I read with interest Robert’s piece on the above song in last
month’s issue of Freewheelin’. I agreed to an extent with the
comments Robert made, but also found myself taking issues with other
aspects of this piece.
What I found of most interest was the assumption that the narrator of
the song had anything to do with the writer of the song. For example, in
his discussion of the fourth stanza of the song:
Sometimes I’m thinkin’ I’m
Too high to fall ...
Robert argues that this was a reference to Bob Dylan’s recent rise to
‘It seems an intensely personal line to have written - something he
must have thought to himself in those days, as a young man, we treated
his every word like one of Moses’s tablets; the word of God’.
Now I would suggest that the textual object before us here does not
suggest this at all. It is a song written in the first person, from a
masculine perspective, to get technical: it is an autodiegetic narrator
- a narrative voice who is inside his own narrative and acts as a
principle character. However, this does not imply that the ‘I’ in
the narrative has anything to do with the physical being, the biological
life-form called ‘Bob Dylan’. Quite the opposite, in fact
wholly the opposite! I would suggest that ‘Bob Dylan’ does not enter
any of his songs and to imagine he does is to engender a wholly
reductive arena of interpretation.
I am not wholly sure how many songs Dylan has written in the last forty
years (if anyone knows, please tell me) but I would estimate it is
somewhere between 500-1000; and of these the vast majority are written
in first person/masculine narrator - however - and this is the polemical
point I know - none of them, not a single one, need be interpreted as
being in any way autobiographical.
I think Dylan himself would agree with me here, I think any writer
If I can quote another of my hero/heroines, Jeanette Winterson:
There is no such thing as autobiography, there’s only art and lies.
In 1968 Roland Barthes wrote a ground breaking essay called The Death of
the Author, an essay which denied authorial intent and empowered the
reader. His ideas have yet to fully catch on, but let me tell you this -
like it or not - we live in a postmodern and poststructuralist world and
the only way to understand it in any meaningful sense is to acknowledge
this. To be aware, for example, that it is the text that speaks not the
author, that a text’s unity lies not in its origin but in its
destination, that it is language that is speaking to us, not the Author.
And furthermore, that there is no sacred authorial meaning to a text, in
a postmodern world meaning is splintered, polysemantic, and the very act
of reading a text changes its meaning, and that meaning is endlessly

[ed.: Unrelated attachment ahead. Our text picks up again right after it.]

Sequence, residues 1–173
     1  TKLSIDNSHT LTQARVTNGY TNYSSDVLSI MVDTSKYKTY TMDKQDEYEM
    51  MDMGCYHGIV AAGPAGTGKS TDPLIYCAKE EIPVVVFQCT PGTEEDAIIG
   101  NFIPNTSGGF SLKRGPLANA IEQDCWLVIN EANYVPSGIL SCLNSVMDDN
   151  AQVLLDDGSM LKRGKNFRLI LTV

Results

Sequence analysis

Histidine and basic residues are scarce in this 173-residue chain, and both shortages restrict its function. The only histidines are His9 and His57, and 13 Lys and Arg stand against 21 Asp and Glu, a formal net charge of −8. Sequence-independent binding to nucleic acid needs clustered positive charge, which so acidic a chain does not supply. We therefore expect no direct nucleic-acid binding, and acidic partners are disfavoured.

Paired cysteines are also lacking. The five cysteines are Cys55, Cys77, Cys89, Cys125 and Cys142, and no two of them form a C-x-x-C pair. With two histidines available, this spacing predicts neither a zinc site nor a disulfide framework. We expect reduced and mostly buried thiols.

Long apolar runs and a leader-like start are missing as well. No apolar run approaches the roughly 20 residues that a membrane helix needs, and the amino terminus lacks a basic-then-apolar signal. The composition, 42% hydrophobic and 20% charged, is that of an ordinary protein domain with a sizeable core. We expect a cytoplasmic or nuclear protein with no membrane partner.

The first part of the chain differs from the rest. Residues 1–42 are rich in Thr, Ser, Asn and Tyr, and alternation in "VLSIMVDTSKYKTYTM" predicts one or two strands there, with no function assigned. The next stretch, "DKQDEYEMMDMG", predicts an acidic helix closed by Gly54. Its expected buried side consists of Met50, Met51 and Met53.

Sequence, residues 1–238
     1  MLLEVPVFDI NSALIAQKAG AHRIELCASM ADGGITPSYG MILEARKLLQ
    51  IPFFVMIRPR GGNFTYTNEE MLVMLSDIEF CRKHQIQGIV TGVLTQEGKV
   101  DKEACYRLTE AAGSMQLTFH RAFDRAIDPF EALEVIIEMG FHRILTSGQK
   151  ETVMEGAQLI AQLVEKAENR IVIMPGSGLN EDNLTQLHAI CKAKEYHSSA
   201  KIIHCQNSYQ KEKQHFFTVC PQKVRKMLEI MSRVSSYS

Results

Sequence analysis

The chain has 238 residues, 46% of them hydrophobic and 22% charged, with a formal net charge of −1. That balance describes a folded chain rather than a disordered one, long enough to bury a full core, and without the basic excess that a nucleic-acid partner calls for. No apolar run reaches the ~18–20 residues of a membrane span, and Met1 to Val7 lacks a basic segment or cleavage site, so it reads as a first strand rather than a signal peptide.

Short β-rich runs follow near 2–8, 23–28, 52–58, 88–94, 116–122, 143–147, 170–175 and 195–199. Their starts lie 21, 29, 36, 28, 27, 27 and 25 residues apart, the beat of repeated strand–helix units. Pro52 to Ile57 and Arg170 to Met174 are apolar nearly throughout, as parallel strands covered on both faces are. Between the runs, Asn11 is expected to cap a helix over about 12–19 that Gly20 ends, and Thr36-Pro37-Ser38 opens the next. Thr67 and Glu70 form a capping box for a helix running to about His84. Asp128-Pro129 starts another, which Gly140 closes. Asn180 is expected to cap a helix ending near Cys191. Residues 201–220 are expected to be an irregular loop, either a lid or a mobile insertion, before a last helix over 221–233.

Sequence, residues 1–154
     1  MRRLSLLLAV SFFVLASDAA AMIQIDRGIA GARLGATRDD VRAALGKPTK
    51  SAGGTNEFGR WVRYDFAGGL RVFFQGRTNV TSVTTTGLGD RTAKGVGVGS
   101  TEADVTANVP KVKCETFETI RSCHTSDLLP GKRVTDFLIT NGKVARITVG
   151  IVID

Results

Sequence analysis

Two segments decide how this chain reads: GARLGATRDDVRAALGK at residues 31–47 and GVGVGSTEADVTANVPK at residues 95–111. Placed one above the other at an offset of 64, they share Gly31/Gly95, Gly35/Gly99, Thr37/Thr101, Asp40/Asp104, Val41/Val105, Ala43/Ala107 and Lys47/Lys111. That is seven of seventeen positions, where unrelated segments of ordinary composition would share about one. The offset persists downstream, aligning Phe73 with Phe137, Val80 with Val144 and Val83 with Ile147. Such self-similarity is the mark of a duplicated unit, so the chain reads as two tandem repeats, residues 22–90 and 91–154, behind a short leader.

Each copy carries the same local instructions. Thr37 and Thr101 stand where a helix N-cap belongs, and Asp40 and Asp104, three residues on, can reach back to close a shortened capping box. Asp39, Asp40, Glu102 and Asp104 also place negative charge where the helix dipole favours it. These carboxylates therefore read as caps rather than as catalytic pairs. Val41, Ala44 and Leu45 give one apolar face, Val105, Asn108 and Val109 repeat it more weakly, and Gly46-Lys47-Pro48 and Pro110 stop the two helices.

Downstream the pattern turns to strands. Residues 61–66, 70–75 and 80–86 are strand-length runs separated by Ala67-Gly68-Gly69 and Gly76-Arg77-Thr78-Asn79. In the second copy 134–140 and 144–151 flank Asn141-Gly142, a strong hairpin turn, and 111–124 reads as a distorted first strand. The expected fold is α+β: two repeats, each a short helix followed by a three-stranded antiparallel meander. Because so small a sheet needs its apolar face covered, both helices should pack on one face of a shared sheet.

deferred. And you cannot ask the author he/she doesn’t know - when
they wrote their texts they were not aware of the diverse social,
cultural, ideological - all embracing intertextual - factors that
operated in their conscious and unconscious thoughts as they inscribed
the words they inscribed.
So, if we free this little text from authorial intent, if we place it in
a decentred poststructuralist environment - what then is going on?
A male narrator (although this is in itself an assumption) wakes in the
morning and he is either wonderin’ or wanderin’ or an abstract
combination of the two - as Dylan’s voice slurs these two signifiers
He is wishing for a long lost lover, which I read as a direct allusion
to Edgar Allen Poe’s ‘The Raven’ a poem that constantly meditates
on the ‘lost Lenore’. This points to the song’s title, as I
think Robert pointed out. The title points more directly to another
source, it reminded me of Ted Hughes’s ‘The Crow’. If this is the
case Hughes (were he still alive) would no doubt have commented on the
careless nature of the title: ‘Black Crow Blues’. Crows are black to
describe them as being black is to be tautological, although I think
this may have been deliberate. You find such purposeful slippages
throughout Dylan’s songs, take that basement down the stairs in
‘Tangled Up in Blue’ for example.
In stanza two the narrator is standing on a side road, why a side road?
Why is he listening to a billboard knock? Why has he lost his watch? Why
are his nerves kicking, ticking like a clock. The original title of the
song, found on the Columbia recording sheets, offers a clue here, the
song was originally entitled: ‘Weird Consumption’ which
is a good title and one I might steal!
I agree with Robert, the third stanza is blatantly sexual.
As to the fourth stanza, I think the narrative voice is talking about us
all here, the human condition and the unstable nature of it - the way in
which we have left our real instincts behind and are left with life's of
great happiness and great depressions.
The final stanza has a gratifying sense of closure, there are black
crows in the meadow, but they are across a broad meadow, and the
narrator doesn¹t feel like a scarecrow. The crows - the black crows -
are harbingers of death - but they are safely at a distance - and the
narrator has the life force, he is going to move on, no matter how
meaningless that sense of moving on may be.